2015 World Series — Mets and Royals

Ron Griffitts

Contributing Columnist

In October 2015, the New York Mets (90-72) returned to the World Series for the first time since 2000 to face the defending American League champion Kansas City Royals (95-67).

The Mets were managed by Terry Collins with general manager Sandy Alderson and were led on offense by Lucas Duda (27 HR) and Curtis Granderson (26 HR, 98 RS).

Their pitching staff was led by Jacob deGrom 14-8, Bartolo Colon 14-13, Matt Harvey 13-8 and Noah Syndergaard 9-7 with Jeurys Familia, 43 saves and a 1.85 ERA, in the bullpen.

The Royals, managed by Ned Yost with general manager Dayton Moore, returned pretty much the same team from the year before and were led by catcher Salvador Perez (26 HR), Eric Hosmer (18 HR, 93 RBI, .297 BA, 98 RS), Mike Moustakas (22 HR, 82 RBI), Lorenzo Cain (.307, 101 RS) and Kendrys Morales (22 HR, 106 RBI, .290 BA)

They had as starters former Cincinnati Red Edison Volquez 13-9, Yordano Ventura 13-8, and Chris Young 11-6 with Greg Holland 32 saves and Wade Davis 17 saves and a 0.94 ERA in the bullpen.

Game one in Kauffman Stadium in Kansas City was a close game and tied 3-3 after six innings until the Mets got an unearned run in the top of the eighth to take a 4-3 lead into the bottom of the ninth inning.

With Jeurys Familia pitching and one out Alex Gordon homered to tie the game and force extra innings.

The game continued into the bottom of the fourteenth inning until Eric Hosmer’s sacrifice fly scored Alcides Escobar and the winning run for a 5-4 Royal victory.

Escobar also had a solo home run for the Royals as did Curtis Granderson for the Mets.

Seizing on their momentum the Royals, behind former Red Edison Volquez’s two hit complete game effort, took game two 7-1 to go up 2-0.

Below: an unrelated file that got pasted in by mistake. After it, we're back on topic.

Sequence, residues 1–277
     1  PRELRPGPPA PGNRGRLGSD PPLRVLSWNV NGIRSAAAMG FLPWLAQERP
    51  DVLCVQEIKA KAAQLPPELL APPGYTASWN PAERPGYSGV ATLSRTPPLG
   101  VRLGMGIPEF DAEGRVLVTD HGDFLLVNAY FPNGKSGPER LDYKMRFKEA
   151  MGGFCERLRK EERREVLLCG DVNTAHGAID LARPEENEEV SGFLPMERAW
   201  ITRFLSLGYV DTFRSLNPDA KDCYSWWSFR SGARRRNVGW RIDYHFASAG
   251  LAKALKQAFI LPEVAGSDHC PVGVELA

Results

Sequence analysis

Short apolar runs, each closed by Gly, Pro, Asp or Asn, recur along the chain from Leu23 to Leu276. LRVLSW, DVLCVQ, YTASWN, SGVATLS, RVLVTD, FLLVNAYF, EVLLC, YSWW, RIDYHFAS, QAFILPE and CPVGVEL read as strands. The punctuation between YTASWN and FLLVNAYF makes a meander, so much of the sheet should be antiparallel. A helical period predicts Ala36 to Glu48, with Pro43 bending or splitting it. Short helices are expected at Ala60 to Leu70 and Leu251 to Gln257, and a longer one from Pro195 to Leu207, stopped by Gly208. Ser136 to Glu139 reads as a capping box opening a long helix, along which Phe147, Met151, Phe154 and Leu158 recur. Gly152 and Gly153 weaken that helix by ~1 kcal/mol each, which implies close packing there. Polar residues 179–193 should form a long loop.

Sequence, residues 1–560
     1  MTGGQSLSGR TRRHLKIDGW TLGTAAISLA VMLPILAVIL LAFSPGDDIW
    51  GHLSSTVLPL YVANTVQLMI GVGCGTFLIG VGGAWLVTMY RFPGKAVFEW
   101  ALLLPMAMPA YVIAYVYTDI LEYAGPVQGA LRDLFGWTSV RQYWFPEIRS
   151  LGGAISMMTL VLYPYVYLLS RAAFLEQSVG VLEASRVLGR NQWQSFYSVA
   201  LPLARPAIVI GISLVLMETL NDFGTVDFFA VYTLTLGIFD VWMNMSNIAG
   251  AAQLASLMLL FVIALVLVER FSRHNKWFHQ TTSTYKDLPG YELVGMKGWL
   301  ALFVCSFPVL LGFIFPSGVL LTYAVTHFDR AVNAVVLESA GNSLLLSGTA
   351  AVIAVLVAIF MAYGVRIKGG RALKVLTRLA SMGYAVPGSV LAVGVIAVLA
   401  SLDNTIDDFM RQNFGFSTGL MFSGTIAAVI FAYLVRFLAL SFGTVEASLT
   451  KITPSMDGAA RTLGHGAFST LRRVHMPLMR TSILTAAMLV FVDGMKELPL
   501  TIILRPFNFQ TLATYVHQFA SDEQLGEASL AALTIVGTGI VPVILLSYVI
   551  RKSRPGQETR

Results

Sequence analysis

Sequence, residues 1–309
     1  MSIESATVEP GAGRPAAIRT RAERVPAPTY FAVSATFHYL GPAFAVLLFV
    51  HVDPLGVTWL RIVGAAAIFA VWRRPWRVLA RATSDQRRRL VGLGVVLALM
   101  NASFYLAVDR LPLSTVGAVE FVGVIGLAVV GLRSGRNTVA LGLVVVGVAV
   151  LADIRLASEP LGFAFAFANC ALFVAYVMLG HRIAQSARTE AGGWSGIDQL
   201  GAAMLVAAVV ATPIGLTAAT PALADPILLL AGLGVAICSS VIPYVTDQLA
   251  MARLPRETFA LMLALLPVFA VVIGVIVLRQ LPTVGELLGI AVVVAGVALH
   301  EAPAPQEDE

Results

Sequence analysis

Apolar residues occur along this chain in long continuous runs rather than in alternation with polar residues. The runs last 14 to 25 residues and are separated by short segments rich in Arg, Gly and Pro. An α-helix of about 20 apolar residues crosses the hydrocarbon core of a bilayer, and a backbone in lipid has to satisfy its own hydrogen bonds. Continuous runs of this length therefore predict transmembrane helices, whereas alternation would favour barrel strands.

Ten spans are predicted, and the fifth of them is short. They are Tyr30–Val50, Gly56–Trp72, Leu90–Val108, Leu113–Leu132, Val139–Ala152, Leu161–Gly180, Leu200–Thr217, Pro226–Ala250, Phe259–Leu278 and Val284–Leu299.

For game three, the teams moved to Citi Field in New York City. The Mets rallied behind Noah Syndergaard and three relievers with the help of two run home runs by David Wright and Curtis Granderson for a 9-3 Mets’ win and the series goes to 2-1.

Game four followed a similar pattern where the Mets would get a lead late in the game only to have their bullpen not be able to hold it.

Behind the pitching of Steven Matz and three relievers the Mets led 3-2 going into the top of the eighth inning at which time Kansas City scored three runs with the help of a Mets’ error, and the Royals won 5-3 to go up three games to one in the series.

Game five was one of those games that fans from both teams remembered for a long time.

In a rematch of game one starters Volquez and Matt Harvey, Harvey pitched very well as he scattered four hits and struck out nine in eight innings of work and was nursing a 2-0 lead.

Mets pitching coach Dan Warthen and manager Terry Collins made the decision to bring in their closer Jeurys Familia to pitch the ninth inning to preserve the win even though Familia had some blown saves earlier in the series.

However to Familia’s credit it is much easier to start with a fresh inning than to have to come in with runners on base.

But fans watching on TV could see Harvey was upset that he was being lifted and at first appealed to Warthen and then to Collins in an effort to finish the game.

Generally you do things the way you did that got you to where you are and Familia with 43 saves got the Mets to the World Series. It generally is not a good idea to change course in the playoffs.

Harvey got his way and went out to pitch the ninth inning and promptly walked the first batter, Lorenzo Cain, and the next batter, Eric Hosmer, doubled home Cain. Harvey was lifted and Familia came in and got three ground out outs but another run scored on a fielder’s choice and the score was tied 2-2 after nine innings.

It’s always tough to lose a lead late in a game but particularly tough in a World Series and in an elimination game

The Royals were energized by the rally and scored five runs in the twelfth inning to win the game 7-2 and won the World Series for the first time since 1985.

Catcher Salvador Perez won the series MVP and neither the Royals nor the Mets have been back to the World Series since 2015.

Statistics for this article were from baseball-reference.com